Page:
Another one from the archives. This post was originally published on this site in March 2010.
One claim I’ve heard several times from believers is that, without their religion and their god, the world just wouldn’t be beautiful and mysterious and awe-inspiring. They like that sense of beauty and wonder, so they cherish their religious beliefs. I’ll share my thoughts about this method for determining reality some other time. For now, I just want to explain my objections to their conclusions — that a world without God is cold and boring, but a world with God is beautiful.
I am an atheist, but I am familiar with the type of feelings that religious people have, that sense of wonderment at God’s creation. I feel it too; I just don’t think it has anything to do with God. When I go hiking and come upon a scenic vista, or when I watch a tiny bee climbing across a flower petal, or when I see the sunrise or the starry night sky: I am overcome with awe.
And believers and I are having almost the same thought processes when we see these amazing sights in nature. We each start out thinking, “The world is so complex, the universe is so large. There are so many processes at work that make the universe what it is, make this planet what it is, allow me to be alive here to experience my tiny sliver of it. The vastness of the universe, even the vastness of our tiny planet, is incomprehensible. I am so lucky to experience any of it, and every day of my life is precious.”
The believer adds one extra step, which goes something like, “And God is great, because he made all these things, controls all these processes, and gives me the privilege of observing it.”
Someone recently told me that, while they liked learning about science and watching nature documentaries and all that, in some sense they didn’t like it because it took away some of their sense of wonder to understand the explanations. Focusing on the “God did it” belief left the precise mechanisms mysterious to them. It surprised me first of all because this is an artificially and deliberately imposed ignorance — again, something I will talk about another time — but also because I think the science is amazing enough.
Saying “God did it” definitely leaves a lot of precise questions unanswered, but I don’t see what’s really so beautiful about it. It simplifies the intricacies and complexities of the natural world into one single cause, a cause perpetually beyond our reach, a cause we’ll never really know anything about (until, perhaps, we’re dead and have left the natural world behind forever). If anything, this makes the beauty feel rather hollow. I see so much beauty in the experiences and the scientific discovery that I don’t feel any compulsion to go that extra step beyond it.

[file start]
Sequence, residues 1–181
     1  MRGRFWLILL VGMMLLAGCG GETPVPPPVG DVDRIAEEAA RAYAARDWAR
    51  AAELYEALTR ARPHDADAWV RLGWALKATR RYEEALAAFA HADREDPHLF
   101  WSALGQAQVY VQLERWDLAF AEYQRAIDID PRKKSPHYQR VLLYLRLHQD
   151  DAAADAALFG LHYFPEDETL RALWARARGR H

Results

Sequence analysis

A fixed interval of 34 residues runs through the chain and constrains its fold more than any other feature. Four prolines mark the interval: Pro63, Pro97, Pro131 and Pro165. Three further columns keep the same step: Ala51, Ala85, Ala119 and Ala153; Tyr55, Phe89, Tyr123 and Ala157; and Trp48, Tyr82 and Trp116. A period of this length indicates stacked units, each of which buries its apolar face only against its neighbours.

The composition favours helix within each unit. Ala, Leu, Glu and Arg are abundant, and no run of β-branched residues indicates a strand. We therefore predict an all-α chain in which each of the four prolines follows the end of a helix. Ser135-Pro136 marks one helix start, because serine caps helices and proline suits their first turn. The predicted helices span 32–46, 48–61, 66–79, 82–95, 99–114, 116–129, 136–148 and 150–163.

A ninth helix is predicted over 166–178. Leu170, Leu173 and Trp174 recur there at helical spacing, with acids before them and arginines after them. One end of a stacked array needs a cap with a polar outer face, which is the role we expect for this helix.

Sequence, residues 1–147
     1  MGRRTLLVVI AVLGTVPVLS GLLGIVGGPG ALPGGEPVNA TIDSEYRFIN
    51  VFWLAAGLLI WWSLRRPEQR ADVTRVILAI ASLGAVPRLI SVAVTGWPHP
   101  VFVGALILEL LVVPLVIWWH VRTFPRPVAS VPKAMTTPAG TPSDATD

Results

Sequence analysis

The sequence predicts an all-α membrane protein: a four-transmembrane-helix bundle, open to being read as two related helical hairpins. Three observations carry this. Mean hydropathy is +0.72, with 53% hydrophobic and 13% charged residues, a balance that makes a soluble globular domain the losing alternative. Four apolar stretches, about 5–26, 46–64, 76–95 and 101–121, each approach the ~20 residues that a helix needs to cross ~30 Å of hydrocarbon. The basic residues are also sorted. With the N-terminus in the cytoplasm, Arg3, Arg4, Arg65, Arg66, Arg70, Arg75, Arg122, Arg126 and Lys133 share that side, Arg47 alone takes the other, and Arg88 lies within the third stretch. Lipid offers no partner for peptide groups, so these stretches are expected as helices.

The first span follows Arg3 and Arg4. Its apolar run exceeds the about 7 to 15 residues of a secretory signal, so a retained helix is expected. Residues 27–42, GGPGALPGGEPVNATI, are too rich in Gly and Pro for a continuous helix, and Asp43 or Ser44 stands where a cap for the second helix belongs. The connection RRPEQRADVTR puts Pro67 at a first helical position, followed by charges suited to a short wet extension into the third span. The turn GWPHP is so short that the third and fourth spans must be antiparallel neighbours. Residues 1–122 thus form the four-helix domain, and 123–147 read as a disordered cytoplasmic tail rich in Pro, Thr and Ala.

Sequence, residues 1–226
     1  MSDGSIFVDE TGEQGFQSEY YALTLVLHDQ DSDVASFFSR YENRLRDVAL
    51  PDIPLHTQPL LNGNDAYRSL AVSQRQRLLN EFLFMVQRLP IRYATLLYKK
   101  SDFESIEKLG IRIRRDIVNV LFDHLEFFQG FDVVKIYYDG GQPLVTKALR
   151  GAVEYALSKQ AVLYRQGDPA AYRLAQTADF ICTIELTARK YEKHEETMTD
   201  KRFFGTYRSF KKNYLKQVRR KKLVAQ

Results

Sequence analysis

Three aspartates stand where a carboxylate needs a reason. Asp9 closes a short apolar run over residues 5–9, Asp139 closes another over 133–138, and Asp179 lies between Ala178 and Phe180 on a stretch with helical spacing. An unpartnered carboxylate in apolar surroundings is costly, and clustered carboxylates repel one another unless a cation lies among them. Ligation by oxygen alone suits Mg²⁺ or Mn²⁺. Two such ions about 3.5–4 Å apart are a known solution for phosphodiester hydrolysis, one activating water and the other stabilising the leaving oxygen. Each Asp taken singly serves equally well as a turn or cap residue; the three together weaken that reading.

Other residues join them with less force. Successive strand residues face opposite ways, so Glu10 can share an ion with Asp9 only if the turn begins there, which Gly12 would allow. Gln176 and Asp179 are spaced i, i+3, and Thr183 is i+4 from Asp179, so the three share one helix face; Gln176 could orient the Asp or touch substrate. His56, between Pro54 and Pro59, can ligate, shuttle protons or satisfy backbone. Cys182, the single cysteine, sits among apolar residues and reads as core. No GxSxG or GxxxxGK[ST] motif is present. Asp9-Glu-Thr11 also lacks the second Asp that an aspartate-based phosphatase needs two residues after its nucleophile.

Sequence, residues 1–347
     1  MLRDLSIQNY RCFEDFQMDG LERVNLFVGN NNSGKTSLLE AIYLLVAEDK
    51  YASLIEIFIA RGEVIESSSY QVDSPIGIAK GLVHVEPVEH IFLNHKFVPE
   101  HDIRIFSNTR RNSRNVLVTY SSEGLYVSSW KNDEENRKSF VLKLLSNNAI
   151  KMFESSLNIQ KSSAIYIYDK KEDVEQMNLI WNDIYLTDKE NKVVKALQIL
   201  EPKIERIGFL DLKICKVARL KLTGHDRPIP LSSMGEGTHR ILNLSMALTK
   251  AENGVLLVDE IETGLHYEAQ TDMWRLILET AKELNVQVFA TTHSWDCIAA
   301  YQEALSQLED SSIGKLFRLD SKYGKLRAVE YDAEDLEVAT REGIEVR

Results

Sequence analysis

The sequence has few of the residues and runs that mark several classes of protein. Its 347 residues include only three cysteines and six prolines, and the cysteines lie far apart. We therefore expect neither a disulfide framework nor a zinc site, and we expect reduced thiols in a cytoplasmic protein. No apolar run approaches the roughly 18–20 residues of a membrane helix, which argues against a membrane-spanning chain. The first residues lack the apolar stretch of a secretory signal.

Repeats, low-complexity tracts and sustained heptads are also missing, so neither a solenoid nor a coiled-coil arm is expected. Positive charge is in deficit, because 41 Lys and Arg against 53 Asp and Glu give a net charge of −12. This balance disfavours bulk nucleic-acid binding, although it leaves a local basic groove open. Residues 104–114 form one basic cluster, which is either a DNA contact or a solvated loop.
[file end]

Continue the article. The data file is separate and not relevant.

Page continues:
I remember learning about how plants grow in elementary school, and being thrilled to see the little bean I was given finally sprouting, wrapped in its wet paper towel. I remember the first time I dropped a tennis ball and a Wiffle ball and saw them really hit the ground at the same time. I remember learning about sediments and rock formation, and being thrilled to go for walks with my parents in the park by the river, where I’d collect smooth pieces of shale and count the stripes in the rock walls along the path. That excitement about learning is still with me today, and the more I learn, the more exciting it is. The world is a complex and chaotic place, but we are still able to extract an ever-increasing number of the basic principles that govern it — including an understanding of the chaos.
If what you want is mystery, perhaps it would help to remember that as we learn new things, we unlock more and more questions. Our knowledge increases, but so does our understanding of how much we still have to learn. (It’s not as though Niels Bohr just figured out electrons one day, and that was that for subatomic physics. There’s a lot of work still being done, and a lot of unanswered questions.) If what you want is an appreciation of things on a larger scale than we normally encounter as tiny dust specks in this universe, perhaps it’s time for some amateur astronomy. For me, a glance at NASA’s Astronomy Picture of the Day usually does the trick. If those images aren’t true beauty, I don’t know what is.